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How Long Do Brakes Last?

Your car's brakes are arguably its most important component. Sure, the engine is quite pivotal to its workings too, but what's worse - not being able to move, or suddenly realising that you're hauling it at 70mph and can't stop? Thus, the brakes are one of those items that should be checked out and then maintained regularly, making sure that you can always have a set of pads to rely on to stop you.

However, and as crucial as they may be to your car's performance, basic functionality, and safety, brakes aren't made to last forever. Eventually, they'll start to lose their bite, and are in need of a full replacement. But how long do brakes actually last? And when we mean brakes, we of course meant the 'brake pads', which are the frictional pads that rub against the brake discs to slow you down.

More Miles Than You'd Think

Those brake pads are the most frequently serviced item within your car's entire braking system. Well, it turns out, your brake pads can go for a lot longer than you might expect. Nevertheless, they do get worn down pretty heavily a lot of the time, thanks purely to the intense friction and heat that is exerted every time they're clamped down onto the discs to scrub away speed to slow down your car.

Naturally, there are a lot of different factors that come into play to influence how many miles you can get out of the brake pads before they're beyond use. You should always refer to your owner's manual to understand the exact mileage that you're recommended to swap out the pads, based on your car manufacturer's own design and testing. This will give you a more precise reading.

In general, though, most brake pads on average last anywhere between 15,000 to 40,000 miles if we're looking at the broader market for cars today. Understandably, that's a very wide range, with 15,000 miles being only realistic for heavy-duty or high-performance vehicles that use their brakes more often. 40,000 miles, meanwhile, is a good figure for some of the more economical cars.

Just to be safe, many technicians round that up to 20,000 miles, as the best mileage interval that you should have your brake pads checked, and then replaced if necessary. This applies to most cars that you'll encounter. If you're sending out your car for its regular service, then the brakes are among the components that get checked frequently, so you'll likely not have to worry about it.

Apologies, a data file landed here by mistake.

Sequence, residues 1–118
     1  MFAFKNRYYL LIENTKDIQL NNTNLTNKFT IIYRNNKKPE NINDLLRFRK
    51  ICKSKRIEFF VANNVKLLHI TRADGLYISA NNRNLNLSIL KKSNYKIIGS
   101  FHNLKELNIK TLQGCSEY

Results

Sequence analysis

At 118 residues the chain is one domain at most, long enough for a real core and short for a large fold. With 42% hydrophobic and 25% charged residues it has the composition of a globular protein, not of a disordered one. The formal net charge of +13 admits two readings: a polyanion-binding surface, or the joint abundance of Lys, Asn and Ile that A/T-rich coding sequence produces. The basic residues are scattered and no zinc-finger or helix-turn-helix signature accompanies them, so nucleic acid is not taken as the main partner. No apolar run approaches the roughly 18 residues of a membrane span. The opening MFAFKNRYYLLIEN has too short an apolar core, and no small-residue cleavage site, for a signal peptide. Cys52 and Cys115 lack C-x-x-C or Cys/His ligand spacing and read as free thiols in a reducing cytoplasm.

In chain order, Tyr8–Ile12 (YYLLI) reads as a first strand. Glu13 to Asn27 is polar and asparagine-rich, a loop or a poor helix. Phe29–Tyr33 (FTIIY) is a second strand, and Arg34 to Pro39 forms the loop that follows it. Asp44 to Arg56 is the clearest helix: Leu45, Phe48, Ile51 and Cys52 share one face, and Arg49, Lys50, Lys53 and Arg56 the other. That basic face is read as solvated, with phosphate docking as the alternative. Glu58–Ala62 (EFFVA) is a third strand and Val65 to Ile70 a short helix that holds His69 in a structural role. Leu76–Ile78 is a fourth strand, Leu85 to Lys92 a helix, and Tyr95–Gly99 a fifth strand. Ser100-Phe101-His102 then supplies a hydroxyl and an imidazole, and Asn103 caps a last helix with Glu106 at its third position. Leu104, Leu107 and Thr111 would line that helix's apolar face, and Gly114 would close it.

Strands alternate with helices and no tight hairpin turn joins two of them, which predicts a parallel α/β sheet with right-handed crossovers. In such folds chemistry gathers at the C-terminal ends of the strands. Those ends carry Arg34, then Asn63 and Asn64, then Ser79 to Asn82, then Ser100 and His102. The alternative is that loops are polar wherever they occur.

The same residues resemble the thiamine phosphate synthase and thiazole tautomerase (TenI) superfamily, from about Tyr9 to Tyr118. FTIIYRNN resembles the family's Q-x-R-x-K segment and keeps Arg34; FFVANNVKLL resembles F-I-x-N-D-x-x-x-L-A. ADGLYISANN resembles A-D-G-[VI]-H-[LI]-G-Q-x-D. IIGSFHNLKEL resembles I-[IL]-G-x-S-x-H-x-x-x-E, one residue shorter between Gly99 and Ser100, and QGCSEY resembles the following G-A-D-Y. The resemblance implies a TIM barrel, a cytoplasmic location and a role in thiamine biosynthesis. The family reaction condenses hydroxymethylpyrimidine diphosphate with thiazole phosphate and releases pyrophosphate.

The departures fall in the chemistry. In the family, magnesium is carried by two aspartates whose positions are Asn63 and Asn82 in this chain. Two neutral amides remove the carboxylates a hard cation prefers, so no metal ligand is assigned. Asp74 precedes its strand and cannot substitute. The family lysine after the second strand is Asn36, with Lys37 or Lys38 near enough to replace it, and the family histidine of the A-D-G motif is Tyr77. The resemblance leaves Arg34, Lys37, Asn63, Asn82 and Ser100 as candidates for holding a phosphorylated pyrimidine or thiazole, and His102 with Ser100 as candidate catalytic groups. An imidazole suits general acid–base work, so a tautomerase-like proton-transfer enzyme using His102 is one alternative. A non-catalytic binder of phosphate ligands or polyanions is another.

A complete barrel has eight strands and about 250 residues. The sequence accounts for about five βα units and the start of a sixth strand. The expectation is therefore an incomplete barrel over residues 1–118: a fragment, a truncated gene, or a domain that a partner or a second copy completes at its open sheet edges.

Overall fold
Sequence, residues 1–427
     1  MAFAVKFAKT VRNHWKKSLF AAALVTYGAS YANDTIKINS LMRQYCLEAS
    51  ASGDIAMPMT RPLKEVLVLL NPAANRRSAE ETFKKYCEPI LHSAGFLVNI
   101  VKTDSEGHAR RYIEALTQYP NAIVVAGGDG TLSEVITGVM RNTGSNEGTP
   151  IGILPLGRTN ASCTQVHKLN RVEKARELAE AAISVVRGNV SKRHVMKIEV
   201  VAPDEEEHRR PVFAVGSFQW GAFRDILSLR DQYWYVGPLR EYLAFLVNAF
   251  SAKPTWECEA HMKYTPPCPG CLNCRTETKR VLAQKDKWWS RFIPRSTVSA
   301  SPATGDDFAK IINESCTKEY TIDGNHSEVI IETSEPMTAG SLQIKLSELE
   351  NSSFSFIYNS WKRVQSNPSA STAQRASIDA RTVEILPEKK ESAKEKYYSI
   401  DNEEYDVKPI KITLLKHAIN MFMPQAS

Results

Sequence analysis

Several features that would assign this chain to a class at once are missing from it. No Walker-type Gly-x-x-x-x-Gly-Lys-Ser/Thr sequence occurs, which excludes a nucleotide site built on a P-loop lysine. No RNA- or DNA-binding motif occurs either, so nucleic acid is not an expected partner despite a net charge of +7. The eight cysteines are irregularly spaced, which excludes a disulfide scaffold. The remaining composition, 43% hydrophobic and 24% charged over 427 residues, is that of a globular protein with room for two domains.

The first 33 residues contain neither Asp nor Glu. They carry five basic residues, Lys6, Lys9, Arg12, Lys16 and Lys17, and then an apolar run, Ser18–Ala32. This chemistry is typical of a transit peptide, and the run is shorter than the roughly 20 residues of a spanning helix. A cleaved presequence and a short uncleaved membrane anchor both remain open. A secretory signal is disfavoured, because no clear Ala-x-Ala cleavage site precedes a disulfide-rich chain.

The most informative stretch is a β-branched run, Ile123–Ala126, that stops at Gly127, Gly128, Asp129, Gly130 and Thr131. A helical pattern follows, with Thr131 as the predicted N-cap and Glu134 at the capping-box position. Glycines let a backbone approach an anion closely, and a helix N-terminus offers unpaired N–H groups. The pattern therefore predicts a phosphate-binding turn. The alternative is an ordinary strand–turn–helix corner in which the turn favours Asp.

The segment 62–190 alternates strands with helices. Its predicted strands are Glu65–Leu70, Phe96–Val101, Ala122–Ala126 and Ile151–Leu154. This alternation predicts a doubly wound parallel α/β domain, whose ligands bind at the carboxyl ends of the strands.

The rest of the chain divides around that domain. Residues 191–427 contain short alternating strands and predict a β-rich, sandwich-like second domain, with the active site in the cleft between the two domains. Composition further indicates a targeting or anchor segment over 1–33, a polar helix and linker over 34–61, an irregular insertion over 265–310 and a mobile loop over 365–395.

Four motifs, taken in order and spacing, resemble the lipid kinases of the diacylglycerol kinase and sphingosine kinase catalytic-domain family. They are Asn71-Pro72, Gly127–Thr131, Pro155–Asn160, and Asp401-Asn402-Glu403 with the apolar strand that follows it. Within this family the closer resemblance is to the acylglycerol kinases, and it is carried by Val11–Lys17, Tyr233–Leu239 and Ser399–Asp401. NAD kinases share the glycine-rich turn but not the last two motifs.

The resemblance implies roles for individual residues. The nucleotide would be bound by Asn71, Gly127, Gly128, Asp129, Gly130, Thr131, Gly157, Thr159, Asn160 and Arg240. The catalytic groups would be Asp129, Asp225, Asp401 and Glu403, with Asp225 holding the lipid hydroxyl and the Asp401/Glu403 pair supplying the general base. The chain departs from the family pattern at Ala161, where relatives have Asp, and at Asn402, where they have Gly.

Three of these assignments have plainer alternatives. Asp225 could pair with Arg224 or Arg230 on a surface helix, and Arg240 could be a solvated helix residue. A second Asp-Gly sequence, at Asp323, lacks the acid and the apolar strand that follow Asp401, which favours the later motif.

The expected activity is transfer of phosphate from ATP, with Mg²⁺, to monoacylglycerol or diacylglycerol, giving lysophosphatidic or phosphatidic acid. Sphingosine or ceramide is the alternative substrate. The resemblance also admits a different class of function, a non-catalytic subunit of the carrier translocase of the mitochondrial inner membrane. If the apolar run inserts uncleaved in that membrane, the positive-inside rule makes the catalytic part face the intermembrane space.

Warning Signs To Look Out For

But let's say the brakes haven't been inspected or replaced in a while, or if your local dealership has been skimping on its check-up procedures... How can you tell that you may need a new set of brake pads? On the bright side, problems or wear with your brake pads can be fairly easy to notice, and these symptoms usually afford you ample time to prepare for a replacement.

So, let's take a look at some of the red flags to spot, just so you know that it's right about time for a brake pad replacement:

  • The most obvious sign that your brake pads are worn is if your car might take a longer amount of time, or a further physical distance to slow down and come to a stop. This loss of performance can be indicative that your brake pads have worn down by a significant margin.
  • You can tell that your brake pads (or braking system as a whole) aren't all fine and dandy if you hear any squeaking and squealing sounds as you press down on the brake pedal. This is actually a safety feature built into many brake pads, where you'll start grinding down on the 'wear indicator', which emits said squealing or squeaking sound to let you know that it's running thin.
  •  A step up in seriousness would be the sound of metallic grinding or a screech in some cases. This is bad, as it means that your brake pads have likely worn themselves out completely bare. Hence, the brake discs are now making contact with the brake callipers - which are the ones responsible for clamping the brake pads down - and prolonged use can cause catastrophic damage.

  • If you feel vibrations while under braking, this might be a tell-tale sign that your brake discs are perhaps warped. When this happens, you'll be wearing out your brake pads unevenly, and its overall performance will be characterised as a shudder any time you press the brake pedal. This will get worse over time.

  • Should you drive a modern vehicle, there may be a plethora of warning lights and indicators that'll warn you when it's time to change out the brake pads. The ones that we'll look into here are the ABS (anti-lock brake system) and 'brake system' warning lights. The latter of them is the one that you regularly see when you engage the parking brake.

Making Them Go The Distance

So, having learned that your brake pads will inevitably need an unavoidable replacement, is there a way that you can get around this. Well, there are at least more than just a few ways that you can practice to effectively and efficiently extend the usable lifespan of your car's brake pads. The first, and most obvious, would be to change up your driving style to put less strain on them.

This is by far and away the primary reason why most need to go through multiple sets of pads over the lifetime of their cars. Consider driving slowly when you can, as lower speeds mean that the pads won't need to exert as much friction to slow you down. Also, think twice about exuberant driving next time. The more frequently you brake, and the harder you lean on them, the more it'll wear.

If you own a manual, you can learn something called 'engine braking' to slow your car down instead of relying on the brakes. This is where you gently let your foot off the accelerator and downshift gradually through the gears to slow down your car. Realistically, you can do this with any car, since you can cruise it to a halt to lose momentum. Only use the brakes if you need to stop in a hurry.